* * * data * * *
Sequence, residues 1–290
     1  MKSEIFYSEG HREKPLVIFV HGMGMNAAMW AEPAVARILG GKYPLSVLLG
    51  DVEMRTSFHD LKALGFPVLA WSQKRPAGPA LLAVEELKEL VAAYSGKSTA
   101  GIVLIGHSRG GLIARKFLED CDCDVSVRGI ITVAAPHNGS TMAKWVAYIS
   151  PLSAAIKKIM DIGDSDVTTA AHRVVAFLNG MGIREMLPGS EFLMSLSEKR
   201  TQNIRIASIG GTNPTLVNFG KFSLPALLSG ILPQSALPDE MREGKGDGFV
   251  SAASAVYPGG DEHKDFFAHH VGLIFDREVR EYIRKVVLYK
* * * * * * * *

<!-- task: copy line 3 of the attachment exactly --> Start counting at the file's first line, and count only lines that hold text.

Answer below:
    51  DVEMRTSFHD LKALGFPVLA WSQKRPAGPA LLAVEELKEL VAAYSGKSTA